Two gallery talks accompany this exhibition. The first will take place on Monday, September 19 at 4 p.m. Hartwig Kuhl, a descendant of the painter Herrlein, will talk about his research and his recently published book on the life of the painter. On Tuesday, October 4th, at 1:00 p.m., as part of the university celebration of Francis Week, Br. Robert will talk about his work as an icon painter. Both talks, held at the Quick Center’s Kenney Gallery, are free and open to the public.
The third new and temporary exhibition is entitled “Female Artists: Part One The Poetics of Reverie”. This exhibit is guest curated by St. Bonaventure alumnus Gary Keem, ’69. This exhibition, which hangs in the Quick Center’s Front Gallery, features non-representational art by women artists over the past 30 years. Nationally recognized artists such as Pat Steir and Kathy Muhlemann and regional artists such as Jane Foley Ferraro are featured. Part two of this exhibition will be hung in spring 2023. “Female Artists” runs from September 1st to December 15th.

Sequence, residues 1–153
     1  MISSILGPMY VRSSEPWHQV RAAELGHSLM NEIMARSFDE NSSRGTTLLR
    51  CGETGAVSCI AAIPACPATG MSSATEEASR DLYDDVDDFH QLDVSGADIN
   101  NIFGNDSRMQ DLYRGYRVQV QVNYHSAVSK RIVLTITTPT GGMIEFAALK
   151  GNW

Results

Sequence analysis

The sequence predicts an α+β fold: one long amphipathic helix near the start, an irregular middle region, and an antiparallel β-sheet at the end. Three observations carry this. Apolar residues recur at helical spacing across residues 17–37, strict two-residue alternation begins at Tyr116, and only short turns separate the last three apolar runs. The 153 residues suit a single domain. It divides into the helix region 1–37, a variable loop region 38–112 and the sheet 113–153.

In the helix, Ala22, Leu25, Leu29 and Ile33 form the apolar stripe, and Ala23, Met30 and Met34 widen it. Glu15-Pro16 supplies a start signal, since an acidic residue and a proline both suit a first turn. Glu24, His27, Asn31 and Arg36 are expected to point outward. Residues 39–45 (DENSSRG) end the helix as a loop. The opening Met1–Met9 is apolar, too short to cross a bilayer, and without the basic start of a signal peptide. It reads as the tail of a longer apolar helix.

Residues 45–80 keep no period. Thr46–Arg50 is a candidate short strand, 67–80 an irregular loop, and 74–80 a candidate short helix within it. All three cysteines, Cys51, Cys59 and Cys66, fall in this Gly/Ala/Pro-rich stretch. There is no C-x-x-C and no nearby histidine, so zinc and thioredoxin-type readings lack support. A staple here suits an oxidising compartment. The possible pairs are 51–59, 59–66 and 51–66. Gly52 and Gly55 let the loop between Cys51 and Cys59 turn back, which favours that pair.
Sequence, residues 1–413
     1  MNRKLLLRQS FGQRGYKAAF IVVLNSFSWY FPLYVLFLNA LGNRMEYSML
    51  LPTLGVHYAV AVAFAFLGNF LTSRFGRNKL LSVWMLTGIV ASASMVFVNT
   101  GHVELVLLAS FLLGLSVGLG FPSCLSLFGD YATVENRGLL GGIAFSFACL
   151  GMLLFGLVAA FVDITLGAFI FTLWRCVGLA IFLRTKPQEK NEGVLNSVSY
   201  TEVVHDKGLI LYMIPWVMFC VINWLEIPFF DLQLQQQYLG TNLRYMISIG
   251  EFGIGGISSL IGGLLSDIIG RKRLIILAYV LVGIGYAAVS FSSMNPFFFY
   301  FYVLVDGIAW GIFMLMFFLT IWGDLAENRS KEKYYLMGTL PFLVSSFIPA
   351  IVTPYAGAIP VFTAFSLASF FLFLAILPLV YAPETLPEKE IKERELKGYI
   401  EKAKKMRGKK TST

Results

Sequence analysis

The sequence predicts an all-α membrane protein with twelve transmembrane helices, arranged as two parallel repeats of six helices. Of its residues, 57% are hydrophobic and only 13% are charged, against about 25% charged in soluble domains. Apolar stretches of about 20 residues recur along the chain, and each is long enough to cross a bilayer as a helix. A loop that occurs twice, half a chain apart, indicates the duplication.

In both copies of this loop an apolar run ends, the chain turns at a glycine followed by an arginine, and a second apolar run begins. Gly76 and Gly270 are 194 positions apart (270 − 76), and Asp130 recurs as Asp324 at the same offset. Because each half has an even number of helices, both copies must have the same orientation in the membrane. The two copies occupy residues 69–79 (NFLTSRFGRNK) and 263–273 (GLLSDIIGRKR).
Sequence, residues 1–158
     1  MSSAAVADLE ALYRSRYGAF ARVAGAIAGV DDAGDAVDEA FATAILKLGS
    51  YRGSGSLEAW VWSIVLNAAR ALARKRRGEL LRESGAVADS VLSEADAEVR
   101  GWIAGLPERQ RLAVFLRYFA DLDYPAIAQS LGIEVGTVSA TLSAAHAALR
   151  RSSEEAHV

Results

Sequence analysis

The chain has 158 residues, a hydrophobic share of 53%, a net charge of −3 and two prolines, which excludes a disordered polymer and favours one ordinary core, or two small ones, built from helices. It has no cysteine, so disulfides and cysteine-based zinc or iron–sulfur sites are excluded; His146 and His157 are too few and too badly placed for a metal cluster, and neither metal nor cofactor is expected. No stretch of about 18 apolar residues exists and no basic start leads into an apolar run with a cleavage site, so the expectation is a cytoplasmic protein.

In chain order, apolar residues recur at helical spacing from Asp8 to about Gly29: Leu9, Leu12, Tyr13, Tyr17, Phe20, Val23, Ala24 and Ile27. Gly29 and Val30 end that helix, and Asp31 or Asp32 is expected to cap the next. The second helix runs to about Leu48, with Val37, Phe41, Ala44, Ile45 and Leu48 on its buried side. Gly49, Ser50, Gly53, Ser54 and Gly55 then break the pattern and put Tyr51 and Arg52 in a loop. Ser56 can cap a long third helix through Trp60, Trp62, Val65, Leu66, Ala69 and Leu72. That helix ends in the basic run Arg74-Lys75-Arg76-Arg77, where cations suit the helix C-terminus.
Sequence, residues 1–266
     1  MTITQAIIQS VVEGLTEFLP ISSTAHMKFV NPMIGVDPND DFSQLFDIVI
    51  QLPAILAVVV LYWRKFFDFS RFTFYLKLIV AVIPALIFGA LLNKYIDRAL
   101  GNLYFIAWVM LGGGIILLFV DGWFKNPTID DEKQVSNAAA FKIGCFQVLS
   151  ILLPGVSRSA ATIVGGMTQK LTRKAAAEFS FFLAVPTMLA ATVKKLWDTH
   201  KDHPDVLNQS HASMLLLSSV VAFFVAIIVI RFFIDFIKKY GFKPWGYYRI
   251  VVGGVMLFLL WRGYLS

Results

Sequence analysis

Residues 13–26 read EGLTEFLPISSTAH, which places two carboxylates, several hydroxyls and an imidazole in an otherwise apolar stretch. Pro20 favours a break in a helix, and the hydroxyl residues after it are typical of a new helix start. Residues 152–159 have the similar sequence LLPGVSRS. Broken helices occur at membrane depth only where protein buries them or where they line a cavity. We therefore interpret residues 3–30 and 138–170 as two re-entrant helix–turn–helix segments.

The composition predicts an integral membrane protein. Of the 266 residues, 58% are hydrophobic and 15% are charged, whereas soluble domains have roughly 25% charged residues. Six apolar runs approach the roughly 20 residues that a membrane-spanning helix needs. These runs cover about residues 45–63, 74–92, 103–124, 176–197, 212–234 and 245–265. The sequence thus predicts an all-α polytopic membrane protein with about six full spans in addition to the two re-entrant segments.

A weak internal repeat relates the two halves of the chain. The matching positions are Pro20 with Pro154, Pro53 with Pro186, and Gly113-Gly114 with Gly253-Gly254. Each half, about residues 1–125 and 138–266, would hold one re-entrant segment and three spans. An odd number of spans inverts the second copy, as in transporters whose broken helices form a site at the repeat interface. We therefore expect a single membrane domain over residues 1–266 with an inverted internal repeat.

The Mezzanine Gallery contains the fourth exhibition in the Quick Center, a selection of photographs from the Finger Lakes area of New York by Chris Walters of Corning. An excerpt from Walters’ artist statement encourages the viewer to “embrace the beauty and sacredness of both the photograph itself and the viewing.”
Walters’ landscapes of the Finger Lakes, their waterfalls, lakeside sunsets and small communities working and exhibiting regionally since 2013 have been recognized and featured in F-Stop Magazine and Life in the Finger Lakes Magazine. An artist talk is planned for Thursday, September 29, at 12 noon in the Quick Center. Everyone is cordially invited. The photos can be seen from September 1st to November 13th.
For more information about the Quick Center exhibits and programs, visit www.sbu.edu/QuickCenter.
About the University: The nation’s first Franciscan university, St. Bonaventure University is a community dedicated to transforming the lives of our students, inside and outside the classroom, inspiring them to a lifelong commitment to service and citizenship. St. Bonaventure was named the #5 regional university value in the North in the 2022 edition of US News and World Report College Rankings.